Friday, March 7, 2014
Reading List: Avogadro Corp.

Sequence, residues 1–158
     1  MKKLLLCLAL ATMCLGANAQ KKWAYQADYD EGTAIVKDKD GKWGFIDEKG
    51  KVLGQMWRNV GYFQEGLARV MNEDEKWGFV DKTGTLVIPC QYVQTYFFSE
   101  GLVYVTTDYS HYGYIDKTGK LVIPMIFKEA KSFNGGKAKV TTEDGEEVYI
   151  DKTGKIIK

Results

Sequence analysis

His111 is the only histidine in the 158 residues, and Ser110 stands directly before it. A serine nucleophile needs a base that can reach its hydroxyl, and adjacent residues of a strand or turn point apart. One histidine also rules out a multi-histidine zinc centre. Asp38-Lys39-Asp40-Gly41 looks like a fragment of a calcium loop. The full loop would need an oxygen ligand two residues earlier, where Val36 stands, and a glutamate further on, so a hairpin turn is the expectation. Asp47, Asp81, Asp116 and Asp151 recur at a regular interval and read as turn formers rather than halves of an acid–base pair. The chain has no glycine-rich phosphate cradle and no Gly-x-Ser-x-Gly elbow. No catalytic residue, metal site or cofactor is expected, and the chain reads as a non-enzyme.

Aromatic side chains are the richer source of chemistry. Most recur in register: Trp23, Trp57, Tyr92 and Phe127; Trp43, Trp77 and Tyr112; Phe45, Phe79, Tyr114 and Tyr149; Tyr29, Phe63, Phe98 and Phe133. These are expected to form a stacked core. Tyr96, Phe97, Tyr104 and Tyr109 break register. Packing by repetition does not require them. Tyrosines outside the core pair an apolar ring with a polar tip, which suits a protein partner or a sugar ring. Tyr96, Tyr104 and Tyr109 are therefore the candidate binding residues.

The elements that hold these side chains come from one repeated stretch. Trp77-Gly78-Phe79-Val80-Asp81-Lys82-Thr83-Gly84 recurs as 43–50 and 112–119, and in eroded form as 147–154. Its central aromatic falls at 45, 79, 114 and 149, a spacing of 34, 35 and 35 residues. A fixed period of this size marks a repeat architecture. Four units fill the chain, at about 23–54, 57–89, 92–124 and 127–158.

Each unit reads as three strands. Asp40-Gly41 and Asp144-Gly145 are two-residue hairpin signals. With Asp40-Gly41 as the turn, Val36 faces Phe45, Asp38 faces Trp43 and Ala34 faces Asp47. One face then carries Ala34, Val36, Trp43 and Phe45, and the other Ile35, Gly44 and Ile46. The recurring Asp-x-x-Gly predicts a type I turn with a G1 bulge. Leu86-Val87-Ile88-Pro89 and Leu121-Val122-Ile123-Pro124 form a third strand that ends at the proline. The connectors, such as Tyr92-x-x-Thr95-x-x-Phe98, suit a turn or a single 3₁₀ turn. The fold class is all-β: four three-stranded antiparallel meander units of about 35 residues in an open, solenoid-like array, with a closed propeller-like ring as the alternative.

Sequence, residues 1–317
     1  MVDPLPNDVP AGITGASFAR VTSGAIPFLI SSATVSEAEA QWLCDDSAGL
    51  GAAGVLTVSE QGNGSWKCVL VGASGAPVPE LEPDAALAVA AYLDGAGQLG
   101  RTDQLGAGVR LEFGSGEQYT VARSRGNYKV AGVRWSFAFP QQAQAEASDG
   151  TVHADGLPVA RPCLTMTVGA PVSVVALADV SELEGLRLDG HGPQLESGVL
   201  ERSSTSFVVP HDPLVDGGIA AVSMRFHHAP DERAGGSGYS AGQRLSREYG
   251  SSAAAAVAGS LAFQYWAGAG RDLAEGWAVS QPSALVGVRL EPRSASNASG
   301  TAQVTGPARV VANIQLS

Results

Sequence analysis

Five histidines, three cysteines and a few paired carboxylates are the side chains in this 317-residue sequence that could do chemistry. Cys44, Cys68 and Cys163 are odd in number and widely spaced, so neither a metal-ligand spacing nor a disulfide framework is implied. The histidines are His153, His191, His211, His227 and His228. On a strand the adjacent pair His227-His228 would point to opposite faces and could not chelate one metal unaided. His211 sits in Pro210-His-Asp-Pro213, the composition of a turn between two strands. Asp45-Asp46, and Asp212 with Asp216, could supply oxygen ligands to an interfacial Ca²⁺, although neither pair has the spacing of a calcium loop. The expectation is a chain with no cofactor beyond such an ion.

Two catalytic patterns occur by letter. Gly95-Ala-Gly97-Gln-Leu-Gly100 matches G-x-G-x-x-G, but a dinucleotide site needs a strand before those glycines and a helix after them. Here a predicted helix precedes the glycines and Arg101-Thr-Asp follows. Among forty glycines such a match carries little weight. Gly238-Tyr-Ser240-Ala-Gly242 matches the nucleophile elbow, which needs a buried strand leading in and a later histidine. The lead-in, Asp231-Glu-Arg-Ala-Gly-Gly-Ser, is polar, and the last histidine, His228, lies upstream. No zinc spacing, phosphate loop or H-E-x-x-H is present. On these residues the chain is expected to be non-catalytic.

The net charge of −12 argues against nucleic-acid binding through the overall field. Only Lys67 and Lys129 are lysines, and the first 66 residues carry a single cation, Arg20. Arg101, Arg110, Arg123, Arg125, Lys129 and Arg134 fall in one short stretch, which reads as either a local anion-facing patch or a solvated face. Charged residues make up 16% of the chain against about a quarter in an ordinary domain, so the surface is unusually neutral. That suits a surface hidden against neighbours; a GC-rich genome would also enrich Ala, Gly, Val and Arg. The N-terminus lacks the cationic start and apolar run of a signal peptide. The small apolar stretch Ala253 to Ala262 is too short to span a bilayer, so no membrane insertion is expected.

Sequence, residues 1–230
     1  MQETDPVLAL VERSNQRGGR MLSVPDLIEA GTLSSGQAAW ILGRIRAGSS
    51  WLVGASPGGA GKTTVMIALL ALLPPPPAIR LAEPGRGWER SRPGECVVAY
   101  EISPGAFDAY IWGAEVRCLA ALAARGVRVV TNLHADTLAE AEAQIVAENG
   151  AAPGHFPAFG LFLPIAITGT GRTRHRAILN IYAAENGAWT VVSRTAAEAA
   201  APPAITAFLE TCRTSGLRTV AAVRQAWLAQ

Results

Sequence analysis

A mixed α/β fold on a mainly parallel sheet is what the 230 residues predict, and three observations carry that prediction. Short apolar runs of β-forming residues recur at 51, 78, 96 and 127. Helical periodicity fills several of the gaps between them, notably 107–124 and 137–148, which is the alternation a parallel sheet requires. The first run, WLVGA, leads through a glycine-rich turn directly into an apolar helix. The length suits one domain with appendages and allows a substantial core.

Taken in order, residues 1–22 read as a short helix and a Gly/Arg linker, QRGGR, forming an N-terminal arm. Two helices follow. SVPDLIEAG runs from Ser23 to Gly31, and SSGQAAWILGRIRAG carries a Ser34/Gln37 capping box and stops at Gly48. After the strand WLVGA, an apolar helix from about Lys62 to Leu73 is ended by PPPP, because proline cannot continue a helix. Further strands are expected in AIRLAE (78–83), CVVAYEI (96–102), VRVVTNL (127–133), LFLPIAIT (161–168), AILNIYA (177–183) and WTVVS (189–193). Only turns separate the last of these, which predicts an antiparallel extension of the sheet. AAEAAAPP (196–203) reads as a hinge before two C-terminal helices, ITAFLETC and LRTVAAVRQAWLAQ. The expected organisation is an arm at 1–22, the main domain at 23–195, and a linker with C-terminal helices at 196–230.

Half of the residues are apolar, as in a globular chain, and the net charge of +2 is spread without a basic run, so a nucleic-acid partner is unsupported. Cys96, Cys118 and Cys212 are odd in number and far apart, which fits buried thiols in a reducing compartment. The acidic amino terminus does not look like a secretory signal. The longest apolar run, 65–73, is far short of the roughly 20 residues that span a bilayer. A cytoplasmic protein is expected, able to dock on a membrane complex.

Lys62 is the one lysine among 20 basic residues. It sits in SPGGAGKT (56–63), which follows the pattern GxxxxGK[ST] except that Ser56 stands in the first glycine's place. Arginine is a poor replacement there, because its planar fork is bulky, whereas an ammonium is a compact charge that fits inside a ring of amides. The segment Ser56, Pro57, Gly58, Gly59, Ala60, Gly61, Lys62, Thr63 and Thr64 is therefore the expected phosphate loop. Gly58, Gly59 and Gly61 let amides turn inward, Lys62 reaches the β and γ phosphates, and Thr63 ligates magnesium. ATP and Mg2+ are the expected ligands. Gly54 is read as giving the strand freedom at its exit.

- Hertling, William. Avogadro Corp. Portland, OR: Liquididea Press, 2011. ISBN 978-0-9847557-0-7.